Chuck Kuecker wrote:
> Ever compare the intelligence of a house cat to a lion? Or a chihuahua to a
> Great Dane?
I dont expect the little ones are as bright, and I do not expect
tiny people to be as smart as full sized ones, however consider
this curious twist: the first Mars colonists would live in a post-
singularity world, in a sense. They would depend on machines
to make the decisions, to help them think. They would live in
a world in which machines are smarter than they are.
We can already see limited cases in which humans have at
least temporary post-singlarity existence (again, in a sense).
The F18 has experimental ACFIT software (anti-controlled
flight into terrain). If the pilot is heading for the ground, the
ACFIT assumes he is dead, injured, or crazy, takes over
the controls and avoids the turf. Then if the pilot doesnt
start giving commands that make sense, the ACFIT will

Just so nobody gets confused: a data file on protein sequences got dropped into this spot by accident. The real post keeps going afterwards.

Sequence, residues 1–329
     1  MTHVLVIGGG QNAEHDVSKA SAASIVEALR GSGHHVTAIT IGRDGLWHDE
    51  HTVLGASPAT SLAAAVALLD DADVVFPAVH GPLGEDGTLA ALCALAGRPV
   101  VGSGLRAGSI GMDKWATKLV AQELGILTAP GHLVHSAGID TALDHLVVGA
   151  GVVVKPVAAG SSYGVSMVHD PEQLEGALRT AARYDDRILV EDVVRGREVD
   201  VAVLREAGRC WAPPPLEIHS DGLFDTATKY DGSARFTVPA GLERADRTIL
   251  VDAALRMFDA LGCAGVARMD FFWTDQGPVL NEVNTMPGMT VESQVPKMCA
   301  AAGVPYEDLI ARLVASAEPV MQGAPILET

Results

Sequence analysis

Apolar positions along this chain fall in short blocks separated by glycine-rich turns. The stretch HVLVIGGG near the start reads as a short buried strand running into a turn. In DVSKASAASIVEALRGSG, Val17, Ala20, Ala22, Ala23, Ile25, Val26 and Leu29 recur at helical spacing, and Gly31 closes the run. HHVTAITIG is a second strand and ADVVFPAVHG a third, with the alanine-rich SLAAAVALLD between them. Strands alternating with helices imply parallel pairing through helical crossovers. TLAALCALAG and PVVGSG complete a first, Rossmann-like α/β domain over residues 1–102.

actually ignore him and fly home. The future JSF (Joint
Strike Fighter) will have extensive ACFIT as well as
software that will take over the controls when the plane
has been fired upon, in order to decide upon an optimal
strategy then attempt an evasive maneuver to avoid an
In the time it would take to train a Martian colonist, I
think we could write the software to take many of those
tasks that require high intelligence out of her hands. This
has some enormous advantages. If we manage to find
the genetic switch that would allow us to produce a tiny
person, good chance is that she might be mentally average
or below. But she could carry frozen embryos that are
almost sure to be way above average. If the machines
can carry the load in the area of judgement for one
generation, then intelligence could be bootstrapped upwards.
In a sense then, the Mars colonists would be kinda sorta
living post singularity (lower case s).
Eager to hear Eliezer's comments on this.
This archive was generated by hypermail 2b30 : Mon May 28 2001 - 09:56:36 MDT